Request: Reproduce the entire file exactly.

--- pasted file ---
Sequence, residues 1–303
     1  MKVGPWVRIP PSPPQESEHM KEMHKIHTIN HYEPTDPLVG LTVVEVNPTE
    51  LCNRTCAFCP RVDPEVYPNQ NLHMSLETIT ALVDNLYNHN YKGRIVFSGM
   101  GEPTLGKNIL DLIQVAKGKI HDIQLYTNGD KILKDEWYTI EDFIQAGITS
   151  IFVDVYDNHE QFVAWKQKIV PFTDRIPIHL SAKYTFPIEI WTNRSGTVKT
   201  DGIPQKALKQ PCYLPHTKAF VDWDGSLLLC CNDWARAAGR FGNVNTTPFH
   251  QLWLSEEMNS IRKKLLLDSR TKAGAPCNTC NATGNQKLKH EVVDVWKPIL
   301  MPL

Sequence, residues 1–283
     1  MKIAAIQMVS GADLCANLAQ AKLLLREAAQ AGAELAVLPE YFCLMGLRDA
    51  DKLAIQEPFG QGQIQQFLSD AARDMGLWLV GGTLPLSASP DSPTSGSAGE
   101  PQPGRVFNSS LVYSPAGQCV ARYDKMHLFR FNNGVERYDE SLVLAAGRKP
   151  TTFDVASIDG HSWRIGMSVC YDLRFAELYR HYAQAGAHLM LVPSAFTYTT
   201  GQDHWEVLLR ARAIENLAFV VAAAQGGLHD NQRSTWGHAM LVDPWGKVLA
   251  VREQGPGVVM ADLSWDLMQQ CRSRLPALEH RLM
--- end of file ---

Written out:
Sequence, residues 1–303
     1  MKVGPWVRIP PSPPQESEHM KEMHKIHTIN HYEPTDPLVG LTVVEVNPTE
    51  LCNRTCAFCP RVDPEVYPNQ NLHMSLETIT ALVDNLYNHN YKGRIVFSGM
   101  GEPTLGKNIL DLIQVAKGKI HDIQLYTNGD KILKDEWYTI EDFIQAGITS
   151  IFVDVYDNHE QFVAWKQKIV PFTDRIPIHL SAKYTFPIEI WTNRSGTVKT
   201  DGIPQKALKQ PCYLPHTKAF VDWDGSLLLC CNDWARAAGR FGNVNTTPFH
   251  QLWLSEEMNS IRKKLLLDSR TKAGAPCNTC NATGNQKLKH EVVDVWKPIL
   301  MPL

Sequence, residues 1–283
     1  MKIAAIQMVS GADLCANLAQ AKLLLREAAQ AGAELAVLPE YFCLMGLRDA
    51  DKLAIQEPFG QGQIQQFLSD AARDMGLWLV GGTLPLSASP DSPTSGSAGE
   101  PQPGRVFNSS LVYSPAGQCV ARYDKMHLFR FNNGVERYDE SLVLAAGRKP
   151  TTFDVASIDG HSWRIGMSVC YDLRFAELYR HYAQAGAHLM LVPSAFTYTT
   201  GQDHWEVLLR ARAIENLAFV VAAAQGGLHD NQRSTWGHAM LVDPWGKVLA
   251  VREQGPGVVM ADLSWDLMQQ CRSRLPALEH RLM